Margaret Simons wrote yesterday about the Greens lack of coverage by the ABC during the election. The Greens have a case but the problem isn’t the ABC as much as it is the other political parties behaving like children and spawning a frankly ridiculous set of agreed rules because they believe those rules disadvantage them least and don’t give the other major party an advantage.

This is the version of the rules as I have always understood and followed them when covering elections for the ABC.

Once an election is called the two major parties get equal time and the rest are covered as “editorial judgment” decrees.

Let’s now move to a real time application of those rules as they were enforced at the last state Victorian election in relation to the radio show I used to present which covered the Wimmera, the Mallee and Central Victoria through the offices of the ABC stations in Bendigo, Horsham and Mildura.

At that time the only parties that had seats in the prime broadcast area were the Nationals and Labor.

The Liberals had as many Lower House seats as The Greens, One Nation, the CEC, DLP, the Communist Party and the Nazi Party — you get the point.

However as soon as the election was called  the rules were the two major parties, i.e. Labor and Liberal, get equal time despite one of them (the Liberal Party) being unrepresented in the area. This was clearly to the detriment of the Nationals who were, de facto, the real opposition and — lest we forget — not in coalition.

It would have been unfair to the Nationals to suddenly just make them disappear in the name of equal time for the major parties and loose change for the rest. It would have meant that their constituency which was clearly significant in the area would have been largely excluded from the pre election debate and a reasonable expectation they would hear what their party of choice at the previous election had in store for them this time round.

One solution was to say “well we’ll just make an ‘editorial judgment’ that the Nats get as much as Labor and the Libs” but that idea didn’t thrill Labor people much as they rightly point out they lose 66-33 to two conservative parties with a history of coalition anyway.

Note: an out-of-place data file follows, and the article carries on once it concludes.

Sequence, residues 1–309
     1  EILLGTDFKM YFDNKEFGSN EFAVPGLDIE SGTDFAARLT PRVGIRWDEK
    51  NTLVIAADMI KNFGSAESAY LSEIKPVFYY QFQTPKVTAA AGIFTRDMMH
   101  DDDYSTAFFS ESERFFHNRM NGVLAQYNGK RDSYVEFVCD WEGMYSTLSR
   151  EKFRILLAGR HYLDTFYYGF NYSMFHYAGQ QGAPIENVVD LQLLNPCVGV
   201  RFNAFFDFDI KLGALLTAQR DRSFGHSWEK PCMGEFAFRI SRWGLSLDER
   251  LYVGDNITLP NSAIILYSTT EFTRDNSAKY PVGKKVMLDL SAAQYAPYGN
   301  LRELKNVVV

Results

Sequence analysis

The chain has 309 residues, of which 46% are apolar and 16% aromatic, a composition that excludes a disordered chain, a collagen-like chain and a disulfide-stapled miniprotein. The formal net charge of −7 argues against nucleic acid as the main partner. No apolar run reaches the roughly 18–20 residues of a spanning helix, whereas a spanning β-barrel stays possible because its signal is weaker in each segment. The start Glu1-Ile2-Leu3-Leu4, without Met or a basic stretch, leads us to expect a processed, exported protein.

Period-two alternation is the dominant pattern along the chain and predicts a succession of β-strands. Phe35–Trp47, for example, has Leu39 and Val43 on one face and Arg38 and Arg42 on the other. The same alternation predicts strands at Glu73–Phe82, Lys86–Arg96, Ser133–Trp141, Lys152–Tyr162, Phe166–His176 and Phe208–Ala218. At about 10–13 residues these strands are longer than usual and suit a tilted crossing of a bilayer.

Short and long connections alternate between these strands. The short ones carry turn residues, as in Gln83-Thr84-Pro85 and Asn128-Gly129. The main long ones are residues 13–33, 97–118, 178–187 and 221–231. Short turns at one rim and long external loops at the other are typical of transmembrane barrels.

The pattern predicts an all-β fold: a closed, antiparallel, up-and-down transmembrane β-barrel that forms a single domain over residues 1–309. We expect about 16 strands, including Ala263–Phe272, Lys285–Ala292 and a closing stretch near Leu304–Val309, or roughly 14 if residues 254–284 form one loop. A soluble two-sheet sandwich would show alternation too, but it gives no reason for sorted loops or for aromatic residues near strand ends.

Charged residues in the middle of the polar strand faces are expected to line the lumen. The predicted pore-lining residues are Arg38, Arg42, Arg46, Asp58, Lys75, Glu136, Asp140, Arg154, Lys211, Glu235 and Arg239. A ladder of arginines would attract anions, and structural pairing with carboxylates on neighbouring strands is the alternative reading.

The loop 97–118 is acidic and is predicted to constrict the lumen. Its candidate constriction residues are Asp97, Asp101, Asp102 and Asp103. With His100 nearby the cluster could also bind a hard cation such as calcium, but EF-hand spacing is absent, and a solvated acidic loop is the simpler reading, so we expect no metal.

It isn’t easy and it gets harder when you understand that the reality of elections are that even the most sanguine level headed party worker turns into an attention demanding jealous three-year-old so any perceived advantage to the other side is seen as treason, certainly actionable by hanging and the screaming is long loud and well worth avoiding if possible.

The ABC is a public broadcaster, and it has many outlets, so getting balance right is a fraught process at the best of times. In an election it is doubly so and the current system is a very blunt and very unsatisfactory tool.

The only alternative would have to be a group of representatives of all parties who are fair minded and really committed to excellence in election coverage for the sake of democracy — even if it meant their side didn’t get as much coverage at the end of the process as another party .

In the absence of such a pact, we are stuck with the present unsatisfactory arrangement and ABC folk will continue to run interviews during elections for no better reason than the times are out of whack and one side needs to catch up. Or worse still, two minutes of idle chitchat with one candidate will be given the same weight as two minutes of full-on electioneering by another because they both lasted two minutes.